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Living with Chronic Illness

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I am quite fortunate. I have lived for the past twenty years with a chronic illness. Knowing that there is no cure for the disease known as polymyositis, I've had to rely on a daily regimen of pills and medications that sometimes left me wondering if I would have felt better without them.

Clearly, I needed each one of the medicines at the time they were prescribed, but the side effects of some have left me with permanent scars. But I'm still around to talk about them. I'm also around to do something more important - I'm here to try to shed some light on the whole ordeal of living with a chronic illness - telling you that it isn't as bad as it may seem at the outset. The key, at least with most maladies that will be with you for the duration of your life is to follow your doctor's instructions, take your medications and get your rest.

Those three instructions were given to me very early on by my rheumatologist. I followed them to the letter and while it was difficult at times to obey and conform, I recognized that I had little choice if I was going to survive.

 

Rest was an essential part of the equation. Even if I had taken my medications as prescribed I always knew that without proper or sufficient rest nothing I could ingest could make me feel better. If I was going to function effectively I had to have, not only a good night's sleep, but I had to take some time during the day to recharge my body.

I recognize too that my line of work was a great benefit to my recovery and to my ability to cope with my illness both physically and psychologically. It would have been easy to have gotten down on myself, mired in self pity when at thirty four years of age I was being told that my life was about to take a drastic turn from which there was no known course of full recovery.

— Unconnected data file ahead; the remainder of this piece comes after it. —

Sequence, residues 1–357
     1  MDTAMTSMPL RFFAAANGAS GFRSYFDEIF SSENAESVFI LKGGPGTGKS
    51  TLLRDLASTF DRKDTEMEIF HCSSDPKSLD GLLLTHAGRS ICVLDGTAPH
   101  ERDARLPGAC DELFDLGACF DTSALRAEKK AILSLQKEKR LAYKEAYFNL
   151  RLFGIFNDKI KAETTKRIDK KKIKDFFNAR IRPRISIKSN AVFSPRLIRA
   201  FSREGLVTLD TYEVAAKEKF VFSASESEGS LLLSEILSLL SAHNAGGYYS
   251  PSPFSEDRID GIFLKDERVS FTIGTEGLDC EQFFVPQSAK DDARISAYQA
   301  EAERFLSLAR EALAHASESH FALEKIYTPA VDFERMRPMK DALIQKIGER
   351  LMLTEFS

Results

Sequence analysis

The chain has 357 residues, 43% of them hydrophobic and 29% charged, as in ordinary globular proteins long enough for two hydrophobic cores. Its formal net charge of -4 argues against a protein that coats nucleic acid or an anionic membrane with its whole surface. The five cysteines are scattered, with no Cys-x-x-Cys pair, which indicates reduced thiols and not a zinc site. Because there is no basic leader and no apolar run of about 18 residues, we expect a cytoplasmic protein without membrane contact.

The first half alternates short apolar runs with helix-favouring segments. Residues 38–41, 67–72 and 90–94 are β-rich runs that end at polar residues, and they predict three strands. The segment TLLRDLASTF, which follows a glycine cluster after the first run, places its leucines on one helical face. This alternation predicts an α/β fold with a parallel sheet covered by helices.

I was accustomed to being active, playing baseball, softball, bowling and even carousing at night were part of my regular routine. Well, that was coming to a screeching halt. Life was about to become tedious and any notions of a wild and crazy lifestyle were out of the question.

It took a little bit, but I began to think that all of this may have been happening for a reason. Maybe God was sending me a message. Maybe he was saying to me that I needed to slow down and given my history to that point, I wasn't capable of putting the brakes on myself. God took the wheel, manned the controls and caught my attention. That may have been the only way to keep me on life's track.

I recently read an article in which clinical psychologist Elvira Aletta, PhD., was asked to give five good rules for dealing with chronic illness. She laid them out this way:

  1. Be confident you have the right doctor
  2. Define your circle of support carefully
  3. Protect your health as you would a small child
  4. Create a new measuring stick
  5. Have dreams and strive for them!

Take it from someone who's had to make his way through the gauntlet. And let me hasten to say, I didn't make it alone. All along the way I've had tremendous support from family members, coworkers and doctors. I've done my share of reading and talking with others who suffer similar illnesses.